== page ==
Men are four times more likely to drown than women. The role of alcohol and drugs is a significant issue, with 37% of men drowning under the influence.
Research by Royal Life Saving Society has revealed that 1,995 men have lost their lives drowning in the past decade. Two in five men had drugs and/or alcohol in their system.
Royal Life Saving Society – Australia, with support of the Federal Government, have launched a new drowning prevention campaign in time for summer. The campaign is urging men to look out for their mates and stand up to the sorts of risk taking behaviour that can lead to accidents and drowning.
Royal Life Saving Society – Australia, CEO, Justin Scarr says “A culture of risk taking behaviour among men can be dangerous around water, and when combined with alcohol and/or drugs it is often fatal.”
“Don’t Let Your Mates Drink and Drown” is a campaign that calls on men to look out for their mates, avoid alcohol around water, and to keep them out of trouble by speaking up if they are drunk or drug affected and decide to go swimming or take the boat for a spin” said Mr Scarr.
Almost a quarter (24%) of male drowning deaths involved alcohol alone. Of the men who had been drinking and subsequently drowned, 67% would have failed a random breath test with a recorded blood alcohol content above 0.05.
PBF’s Matt Naysmith knows the devastating effect that alcohol can have when consumed around water. At the age of 21, Matt was a fully qualified heavy duty mechanic working a FIFO job in the Pilbara. Having booked an around-the-world ticket, Matt and a group of friends spent the day at Karijini National Park to celebrate. Matt was drunk when he ignored warning signs and climbed to the top of a waterfall. Tragically, he slipped and was sent hurtling over the edge and into the gorge, landing heavily on rocks, breaking his neck and severing his spinal cord. He was told he would never walk again.
Matt’s life changed in that fateful moment. “My injury took me from ‘living’ a great life to becoming a spectator in an instant; it’s like sitting on the sidelines – you know what you want to do and you know how to do it but you just can’t,” said Matt.
Matt says he never should have been drinking around water in the first place, being known by friends for making ‘stupid decisions’ under the influence of alcohol. “A series of poor decisions that I made that day took away so many things that I treasured in life, including travel, relationships, lifestyle, and freedom. Don’t make the same mistake,” said Matt.
“Fortunately my football club was a corporate member of PBF and the member benefit payment helped get modifications done so I could get home sooner too my family and friends. I cannot emphasise how much this meant.”
Royal Life Saving believes that the culture of drinking around water is a big factor in male drowning. Mr Scarr said “For many Australian men an esky full of stubbies is just as important on a fishing trip as the bait, or checking the conditions before swimming. This culture of drinking while swimming, boating or fishing means men are at much greater risk of drowning.”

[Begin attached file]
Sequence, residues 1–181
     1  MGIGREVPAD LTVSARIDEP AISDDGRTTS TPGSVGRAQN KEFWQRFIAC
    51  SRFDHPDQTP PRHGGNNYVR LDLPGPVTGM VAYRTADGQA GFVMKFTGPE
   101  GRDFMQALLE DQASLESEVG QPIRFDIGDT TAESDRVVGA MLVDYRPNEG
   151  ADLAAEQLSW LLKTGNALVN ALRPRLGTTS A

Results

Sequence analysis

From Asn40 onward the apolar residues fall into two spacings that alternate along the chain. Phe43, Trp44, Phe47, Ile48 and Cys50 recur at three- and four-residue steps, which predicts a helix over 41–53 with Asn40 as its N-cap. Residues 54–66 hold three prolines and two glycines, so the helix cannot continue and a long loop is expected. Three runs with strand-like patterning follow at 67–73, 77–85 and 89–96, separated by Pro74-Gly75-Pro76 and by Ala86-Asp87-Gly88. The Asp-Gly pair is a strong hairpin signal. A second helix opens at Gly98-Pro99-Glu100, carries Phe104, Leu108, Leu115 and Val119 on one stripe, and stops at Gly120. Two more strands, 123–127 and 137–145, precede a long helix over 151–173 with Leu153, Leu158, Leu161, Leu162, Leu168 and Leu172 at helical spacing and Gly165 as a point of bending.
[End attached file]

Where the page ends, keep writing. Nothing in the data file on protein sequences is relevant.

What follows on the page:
Nationally, rivers, creeks and streams are the leading location for drowning in Australia, with many people underestimating the dangers. Almost half (47%) of men who drowned in rivers, creeks and streams had alcohol and/or drugs in their system. Men aged 25-34 account for 19% of all male drowning deaths. Men in this age group have the highest proportion of drowning deaths which were known to involve alcohol and/or drugs, with 46% drowning while under the influence.
Alcohol and drugs increase the risk of drowning by impairing judgement, reducing coordination, and delaying reaction time. Royal Life Saving are calling on men across the country to call their mates out when they’re being reckless around water to prevent further drowning tragedies.
Royal Life Saving Society – Australia, CEO, Justin Scarr says, “Look out for your mates, leave the booze until safely away from the water, and pull them into line if they’re under the influence and thinking about swimming or boating. You can literally save their life.”
- 1,995 men aged 15 years & over have fatally drowned between 1 July 2007 – 30 June 2017
- 464 cases were known to involve alcohol (24%)
- 436 cases were known to involve drugs (22%)
- 726 cases were known to involve alcohol and/or drugs (37%)
- Men aged 25-34 account for 19% of all male drowning deaths.
- 46% of men aged 25-34 years who drowned were known to involve alcohol and/or drugs (166 deaths out of 361)
- 47% of drowning deaths in rivers, creeks and streams were known to involve alcohol and/or drugs (261 deaths out of 556)
Link to Royal Life Saving Drowning Prevention Campaign
Link to Royal Life Saving National Drowning Report 2017